We also looked at Fiery Furnace.   I say looked because it’s only accessible on a ranger guided tour or with a permit, after you’ve satisfied the park rangers that you’re capable of finding your way out!   This is because it’s so easy to get disorientated among the narrow sandstone fins.  I think it would be too enclosed for me so a hike through there isn’t on my bucket list.  

And last, but not least, the most famous arch, one that has been seen all over the world, Delicate Arch.

We never did get to hike to Delicate Arch as the parking area was always overflowing, maybe next time.

Have fun, we are!

Friday, 16 September 2011


As you can probably tell we are, again, somewhat behind with the blog, which is why I've only just realised we have a new follower.   Welcome Sue Castle, we hope you enjoy following us on our adventures!

Have fun, we are!

Needles Overlook

Stark, beautiful, rugged, remote, slightly scary and definitely not somewhere to get lost!   Simply one way to describe the awe inspiring views from Needles Overlook across Utah’s Canyonlands.

The silence is so absolute it makes your ears ring the only sound is the keening of the wind and the flapping of a raven’s wings as it flies past.

Needles Overlook is at the end of a paved road a few miles south of Moab just off highway 191.
On the way we passed Wilson Arch which is named after Joe Wilson a local pioneer who had a cabin in nearby Dry Valley.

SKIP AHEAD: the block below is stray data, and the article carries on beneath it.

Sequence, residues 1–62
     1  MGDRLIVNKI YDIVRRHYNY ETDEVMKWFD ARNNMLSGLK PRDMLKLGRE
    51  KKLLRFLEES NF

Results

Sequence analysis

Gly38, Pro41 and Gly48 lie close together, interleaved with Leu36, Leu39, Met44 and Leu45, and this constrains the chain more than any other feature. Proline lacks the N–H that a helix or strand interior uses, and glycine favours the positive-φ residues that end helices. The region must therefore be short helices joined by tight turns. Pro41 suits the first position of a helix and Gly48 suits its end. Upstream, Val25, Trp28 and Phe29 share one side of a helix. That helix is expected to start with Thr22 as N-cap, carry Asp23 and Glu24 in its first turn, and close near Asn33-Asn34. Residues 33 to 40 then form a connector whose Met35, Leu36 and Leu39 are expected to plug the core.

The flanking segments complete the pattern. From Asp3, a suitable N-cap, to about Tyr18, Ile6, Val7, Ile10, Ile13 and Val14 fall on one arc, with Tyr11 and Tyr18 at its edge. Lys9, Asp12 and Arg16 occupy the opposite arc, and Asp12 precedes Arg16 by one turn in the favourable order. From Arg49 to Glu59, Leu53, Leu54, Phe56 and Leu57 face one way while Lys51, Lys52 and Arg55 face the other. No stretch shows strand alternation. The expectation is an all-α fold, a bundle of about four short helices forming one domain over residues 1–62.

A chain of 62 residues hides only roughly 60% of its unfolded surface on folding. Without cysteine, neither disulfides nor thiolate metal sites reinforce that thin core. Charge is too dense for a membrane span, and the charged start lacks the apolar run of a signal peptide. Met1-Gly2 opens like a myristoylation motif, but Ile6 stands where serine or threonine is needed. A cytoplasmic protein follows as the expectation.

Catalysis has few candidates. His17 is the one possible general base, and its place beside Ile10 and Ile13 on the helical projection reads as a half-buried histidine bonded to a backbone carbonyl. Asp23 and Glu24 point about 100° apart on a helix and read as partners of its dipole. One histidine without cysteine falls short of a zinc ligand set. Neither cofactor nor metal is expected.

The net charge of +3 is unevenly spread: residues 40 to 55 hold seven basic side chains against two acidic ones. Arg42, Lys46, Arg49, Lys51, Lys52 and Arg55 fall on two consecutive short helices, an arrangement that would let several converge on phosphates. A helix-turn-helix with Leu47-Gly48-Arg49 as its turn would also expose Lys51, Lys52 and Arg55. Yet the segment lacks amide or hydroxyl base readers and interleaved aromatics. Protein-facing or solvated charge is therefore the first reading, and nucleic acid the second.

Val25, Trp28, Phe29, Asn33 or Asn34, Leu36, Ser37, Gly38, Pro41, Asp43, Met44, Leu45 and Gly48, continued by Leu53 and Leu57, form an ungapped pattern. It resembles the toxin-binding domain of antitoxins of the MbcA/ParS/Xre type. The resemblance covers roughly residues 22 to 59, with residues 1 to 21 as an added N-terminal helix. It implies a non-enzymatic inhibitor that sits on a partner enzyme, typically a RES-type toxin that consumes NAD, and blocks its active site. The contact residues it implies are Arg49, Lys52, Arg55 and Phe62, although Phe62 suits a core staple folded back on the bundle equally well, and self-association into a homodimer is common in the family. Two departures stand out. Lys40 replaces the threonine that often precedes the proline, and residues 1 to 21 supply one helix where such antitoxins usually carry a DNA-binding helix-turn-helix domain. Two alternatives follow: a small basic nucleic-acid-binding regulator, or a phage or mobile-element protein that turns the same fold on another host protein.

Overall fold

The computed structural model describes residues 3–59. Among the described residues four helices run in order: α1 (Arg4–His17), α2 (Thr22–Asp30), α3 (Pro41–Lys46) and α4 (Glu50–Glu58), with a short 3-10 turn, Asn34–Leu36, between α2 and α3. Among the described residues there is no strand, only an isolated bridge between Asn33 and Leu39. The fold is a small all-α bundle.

Have fun, we are!

Sunday, 4 September 2011

Island in the Sky

Island in the Sky is where the Green joins the Colorado River before continuing on through the Grand Canyon.  The rivers and canyons were uncharted until 1869 when Major John Wesley Powell set off with 4 wooden boats and nine oarsmen on a journey of exploration.   River runners still travel the river but use rubber boats instead of wooden ones.

Green River overlook.

The White Rim jeep road winds for miles, ordinarily it takes several days to complete the drive although at present part of the road has been washed out and is impassable.

The Potash Road reaches the junction with the White Rim Road before climbing up the Schafer Switchbacks.

Two different views of the switchbacks.

I’m not sure about the White Rim Road, but I think we’ll have to come back in the future and take the Potash Road

Have fun, we are!

In search of Thelma & Louise

Somewhere in or near Dead Horse State Park is where the final scene of Thelma & Louise was filmed.   There are several mesas that looked just like ‘the’ spot and in the end I narrowed it down to a choice of about 4!   Oh well!

Cowboys used to herd horses into a corral on the mesa across a narrow strip of land, the story goes that a corral full of horses were forgotten and within sight of the Colorado River, but unable to reach it they died of thirst, hence the name, Dead Horse State Park.

Amazing views extend in all directions across the Colorado River, towards The Island In the Sky, Needles and Maze sections of Canyonlands National Park, it was hard to know which way to look first.
The Potash jeep road follows the Colorado River past Dead Horse State Park

before heading off to into Island In the Sky section of Canyonlands National Park.

We watched several jeeps taking the dusty road.

Have fun, we are!